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Re: st: Re: power analysis for panel data

From   Phil Schumm <[email protected]>
To   [email protected]
Subject   Re: st: Re: power analysis for panel data
Date   Fri, 10 Nov 2006 00:43:47 -0600

On Nov 7, 2006, at 12:57 PM, Christopher W. Ryan wrote:
The lack of any statistically significant beneficial effect of any of the interventions on BMI does not surprise me, given the generally intractable nature of obesity. The general futility of simple office-based exhortations to lose weight is part of my point.

But what is the power of this study? I don't know how to calculate that. Am I failing to see statistically significant beneficial effects on BMI because of inadequate power?

You're right to be concerned about power here (of course there are other issues too such as the apparent non-random assignment to treatment, but I'll assume you have already thought carefully about those). However, power per se is a frequentist concept that really only applies prior to collecting the data (or at least to analyzing them). Given that you have already done the analysis, and assuming you do not plan to collect any more data, I'd suggest recasting the issue in terms of precision. In other words, ask yourself: Do the confidence intervals include what would be considered substantively meaningful effects? If so, then one could argue that the study was underpowered. If however the confidence intervals are narrow enough to rule out substantively meaningful effects, then you can claim that your data actually provide evidence against the existence of such effects.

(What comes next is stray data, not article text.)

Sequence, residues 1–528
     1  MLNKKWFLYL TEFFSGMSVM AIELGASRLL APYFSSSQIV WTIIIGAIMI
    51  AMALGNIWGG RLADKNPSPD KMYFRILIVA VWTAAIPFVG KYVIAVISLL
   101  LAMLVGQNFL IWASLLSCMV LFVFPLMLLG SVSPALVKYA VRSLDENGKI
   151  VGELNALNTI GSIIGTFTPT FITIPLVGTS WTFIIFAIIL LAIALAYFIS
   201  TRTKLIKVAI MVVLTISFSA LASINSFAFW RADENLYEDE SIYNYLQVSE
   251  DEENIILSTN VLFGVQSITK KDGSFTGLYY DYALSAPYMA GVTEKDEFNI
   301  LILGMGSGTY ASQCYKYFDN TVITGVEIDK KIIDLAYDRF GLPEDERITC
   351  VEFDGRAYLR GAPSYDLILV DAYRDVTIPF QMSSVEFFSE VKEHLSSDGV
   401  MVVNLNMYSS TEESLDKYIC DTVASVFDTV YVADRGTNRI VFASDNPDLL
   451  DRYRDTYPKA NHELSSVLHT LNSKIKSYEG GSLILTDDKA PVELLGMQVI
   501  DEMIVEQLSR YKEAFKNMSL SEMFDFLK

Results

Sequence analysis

-- Phil

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